Ritvo Hoping Changes Will Turn Business Around At Santa Anita Park

“We have to see the business turn around,” Tim Ritvo, chief operating officer of The Stronach Group, owner of Santa Anita Park, told John Cherwa of the Los Angeles Times on the eve of the Arcadia, Calif., track’s traditional day-after-Christmas opening day on Tuesday.

Ritvo has spent the better part of six months at Santa Anita, studying operations and making changes that he hopes will lead to turnaround similar to that enjoyed at two of the company’s other racetracks, Gulfstream Park in Florida and Laurel Park in Maryland.

“This is the time some of the implemented changes will kick in,” he said. “There is no silver bullet. It’s a grind process. We hope to see the trajectory in the right direction.”

One of the things Ritvo discovered is how many small stables there are based at Santa Anita. Cherwa reported that a recent survey of 155 trainers showed that 32 percent of them have five or fewer horses in their caree; 20 percent are overseeing between six and 10 horses; 19 percent hhaveving 11-20; and 29 percent have 20 or more.

Because of that disparity, Santa Anita Park for the first time will be writing races for trainers with 20 or fewer horses and some maiden races will have a maximum yearling price to be eligible.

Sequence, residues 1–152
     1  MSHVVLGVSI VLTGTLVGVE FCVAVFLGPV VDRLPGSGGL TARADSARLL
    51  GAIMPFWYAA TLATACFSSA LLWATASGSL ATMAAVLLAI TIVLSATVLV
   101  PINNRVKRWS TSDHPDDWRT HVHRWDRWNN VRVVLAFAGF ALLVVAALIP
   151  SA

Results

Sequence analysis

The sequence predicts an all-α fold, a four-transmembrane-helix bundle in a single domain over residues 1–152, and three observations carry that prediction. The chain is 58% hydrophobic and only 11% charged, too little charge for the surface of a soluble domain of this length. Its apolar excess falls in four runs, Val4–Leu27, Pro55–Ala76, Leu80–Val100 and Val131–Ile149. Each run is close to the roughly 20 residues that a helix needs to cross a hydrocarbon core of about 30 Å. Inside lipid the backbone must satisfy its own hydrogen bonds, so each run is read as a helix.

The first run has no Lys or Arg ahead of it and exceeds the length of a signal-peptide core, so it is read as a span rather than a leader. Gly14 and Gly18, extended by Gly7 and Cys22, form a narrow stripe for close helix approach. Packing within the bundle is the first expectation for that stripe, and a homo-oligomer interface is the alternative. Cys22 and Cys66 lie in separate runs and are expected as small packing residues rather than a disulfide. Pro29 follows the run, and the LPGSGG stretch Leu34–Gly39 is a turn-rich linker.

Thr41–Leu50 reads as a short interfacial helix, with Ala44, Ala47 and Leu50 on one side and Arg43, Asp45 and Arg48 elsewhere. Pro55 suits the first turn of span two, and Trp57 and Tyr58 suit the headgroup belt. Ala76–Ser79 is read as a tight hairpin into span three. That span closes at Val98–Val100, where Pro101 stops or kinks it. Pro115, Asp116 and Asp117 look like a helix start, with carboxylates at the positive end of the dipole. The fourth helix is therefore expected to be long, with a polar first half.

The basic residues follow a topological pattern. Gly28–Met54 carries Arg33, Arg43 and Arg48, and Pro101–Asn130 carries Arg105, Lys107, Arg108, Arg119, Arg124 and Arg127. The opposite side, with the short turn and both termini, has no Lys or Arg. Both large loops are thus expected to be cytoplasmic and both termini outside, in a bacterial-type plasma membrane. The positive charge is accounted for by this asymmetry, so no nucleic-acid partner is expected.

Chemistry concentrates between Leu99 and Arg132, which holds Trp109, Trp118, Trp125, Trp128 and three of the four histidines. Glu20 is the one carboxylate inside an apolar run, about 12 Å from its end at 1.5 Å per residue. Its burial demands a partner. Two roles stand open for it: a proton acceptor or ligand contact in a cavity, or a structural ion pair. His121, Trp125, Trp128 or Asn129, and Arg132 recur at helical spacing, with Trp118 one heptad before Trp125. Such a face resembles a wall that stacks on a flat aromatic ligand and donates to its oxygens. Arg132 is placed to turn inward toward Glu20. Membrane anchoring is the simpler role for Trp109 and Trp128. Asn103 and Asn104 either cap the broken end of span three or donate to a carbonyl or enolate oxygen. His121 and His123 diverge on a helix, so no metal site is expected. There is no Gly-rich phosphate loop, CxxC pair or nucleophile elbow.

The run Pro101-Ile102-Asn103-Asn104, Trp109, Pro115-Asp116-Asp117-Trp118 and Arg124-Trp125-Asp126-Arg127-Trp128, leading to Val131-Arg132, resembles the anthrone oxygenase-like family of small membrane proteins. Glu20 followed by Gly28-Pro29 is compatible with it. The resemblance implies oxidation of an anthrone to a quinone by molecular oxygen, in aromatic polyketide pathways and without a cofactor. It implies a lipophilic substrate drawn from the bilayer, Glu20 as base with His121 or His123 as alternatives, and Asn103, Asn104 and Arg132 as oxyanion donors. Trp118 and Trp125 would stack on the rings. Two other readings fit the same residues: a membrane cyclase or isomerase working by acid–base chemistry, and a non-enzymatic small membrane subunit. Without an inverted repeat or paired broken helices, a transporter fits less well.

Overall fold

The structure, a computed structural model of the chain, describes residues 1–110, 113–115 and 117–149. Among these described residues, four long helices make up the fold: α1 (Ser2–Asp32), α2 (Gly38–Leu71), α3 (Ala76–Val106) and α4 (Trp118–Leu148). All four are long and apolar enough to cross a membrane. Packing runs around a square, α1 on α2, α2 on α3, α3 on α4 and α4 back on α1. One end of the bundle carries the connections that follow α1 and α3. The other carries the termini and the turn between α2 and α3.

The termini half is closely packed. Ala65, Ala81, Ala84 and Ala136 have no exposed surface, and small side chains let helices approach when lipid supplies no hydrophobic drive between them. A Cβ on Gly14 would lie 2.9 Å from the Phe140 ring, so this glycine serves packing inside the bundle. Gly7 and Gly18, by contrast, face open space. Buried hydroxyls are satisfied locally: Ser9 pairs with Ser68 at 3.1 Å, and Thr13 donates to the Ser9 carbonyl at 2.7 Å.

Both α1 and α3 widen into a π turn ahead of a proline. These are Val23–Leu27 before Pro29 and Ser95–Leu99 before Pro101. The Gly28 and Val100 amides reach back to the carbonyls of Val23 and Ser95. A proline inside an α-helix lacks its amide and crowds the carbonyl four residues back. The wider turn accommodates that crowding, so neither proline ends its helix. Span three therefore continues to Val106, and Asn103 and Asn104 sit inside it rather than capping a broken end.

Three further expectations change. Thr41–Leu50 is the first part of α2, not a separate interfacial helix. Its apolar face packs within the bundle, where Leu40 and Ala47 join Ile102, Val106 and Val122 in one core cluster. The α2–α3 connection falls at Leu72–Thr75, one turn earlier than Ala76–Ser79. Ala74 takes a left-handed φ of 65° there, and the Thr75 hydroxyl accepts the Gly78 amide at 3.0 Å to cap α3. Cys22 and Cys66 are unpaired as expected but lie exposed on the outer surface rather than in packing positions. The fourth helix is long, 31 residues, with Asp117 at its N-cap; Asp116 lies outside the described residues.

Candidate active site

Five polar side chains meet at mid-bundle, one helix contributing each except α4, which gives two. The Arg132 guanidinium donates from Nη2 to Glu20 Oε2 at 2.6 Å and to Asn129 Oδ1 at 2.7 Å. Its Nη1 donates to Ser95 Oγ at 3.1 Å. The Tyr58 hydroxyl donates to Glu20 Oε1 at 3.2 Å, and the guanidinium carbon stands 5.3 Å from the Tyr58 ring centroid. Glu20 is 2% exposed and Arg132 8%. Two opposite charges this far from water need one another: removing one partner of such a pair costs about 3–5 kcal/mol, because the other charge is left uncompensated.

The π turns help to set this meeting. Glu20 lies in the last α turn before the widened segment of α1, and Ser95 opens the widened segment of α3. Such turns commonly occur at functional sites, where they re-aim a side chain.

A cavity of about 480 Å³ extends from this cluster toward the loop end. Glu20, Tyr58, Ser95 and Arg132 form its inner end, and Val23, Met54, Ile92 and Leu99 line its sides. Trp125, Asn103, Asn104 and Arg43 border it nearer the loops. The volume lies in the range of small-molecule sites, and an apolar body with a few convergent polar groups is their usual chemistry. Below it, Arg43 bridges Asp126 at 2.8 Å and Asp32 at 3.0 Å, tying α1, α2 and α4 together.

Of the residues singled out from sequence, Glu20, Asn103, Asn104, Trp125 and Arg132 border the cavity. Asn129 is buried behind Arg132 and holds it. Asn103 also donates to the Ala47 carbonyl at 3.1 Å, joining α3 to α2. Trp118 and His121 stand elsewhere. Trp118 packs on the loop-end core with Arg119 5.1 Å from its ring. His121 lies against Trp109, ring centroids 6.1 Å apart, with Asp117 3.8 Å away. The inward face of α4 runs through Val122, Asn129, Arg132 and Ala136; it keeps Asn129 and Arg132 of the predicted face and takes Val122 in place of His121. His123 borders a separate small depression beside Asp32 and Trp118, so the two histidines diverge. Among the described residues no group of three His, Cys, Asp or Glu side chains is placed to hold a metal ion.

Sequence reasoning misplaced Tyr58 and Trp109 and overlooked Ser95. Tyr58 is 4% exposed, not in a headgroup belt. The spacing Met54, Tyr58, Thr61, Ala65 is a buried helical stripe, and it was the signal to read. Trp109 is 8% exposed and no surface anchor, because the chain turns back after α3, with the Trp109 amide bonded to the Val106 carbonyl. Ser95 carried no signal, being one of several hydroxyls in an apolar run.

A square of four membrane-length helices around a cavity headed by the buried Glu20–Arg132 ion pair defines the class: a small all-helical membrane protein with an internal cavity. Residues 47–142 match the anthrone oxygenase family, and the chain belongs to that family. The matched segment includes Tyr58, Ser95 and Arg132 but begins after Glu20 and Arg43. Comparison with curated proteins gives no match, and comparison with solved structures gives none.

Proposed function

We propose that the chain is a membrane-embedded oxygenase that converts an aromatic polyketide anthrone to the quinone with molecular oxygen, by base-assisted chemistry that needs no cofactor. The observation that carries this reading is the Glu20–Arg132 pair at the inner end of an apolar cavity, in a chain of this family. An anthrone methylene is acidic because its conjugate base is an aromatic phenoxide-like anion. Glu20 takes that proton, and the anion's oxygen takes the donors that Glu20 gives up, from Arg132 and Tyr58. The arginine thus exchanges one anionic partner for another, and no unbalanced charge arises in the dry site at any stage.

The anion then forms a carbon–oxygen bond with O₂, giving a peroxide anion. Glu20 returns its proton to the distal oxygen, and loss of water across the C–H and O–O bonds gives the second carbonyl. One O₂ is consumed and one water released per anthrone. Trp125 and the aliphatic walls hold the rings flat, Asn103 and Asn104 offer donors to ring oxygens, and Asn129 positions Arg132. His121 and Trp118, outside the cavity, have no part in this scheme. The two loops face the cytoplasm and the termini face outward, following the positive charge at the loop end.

Tim Ritvo, chief operating officer of The Stronach Group racetracks

Ritvo recently hired Daniel Eidson as racing director to assist Rick Hammerle, vice president of racing. He’s hoping field size will increase with a different philosophy about the kind of races being written into the condition book.

“What I’m asking is that we look at every race that was written on that day last year, and make sure a better one is written this year,” Ritvo told Cherwa.

Ritvo is not ready to retreat to a three-day racing week for Santa Anita. The Stronach Group is considering adding new stabling in the north parking lot to make up for some of the stalls lost to the San Luis Rey Downs training center earlier this month.

Ritvo is also hoping to instill a new attitude among employees.

“I want to see people here have the passion to resurrect this place to the glory that it should be,” Ritvo said. “Santa Anita should be the premium racetrack in America. If (the people here) believe in the mission, they will have a nice career, and if they don’t, they’ll need to find another place to work.”

Read more at Los Angeles Times

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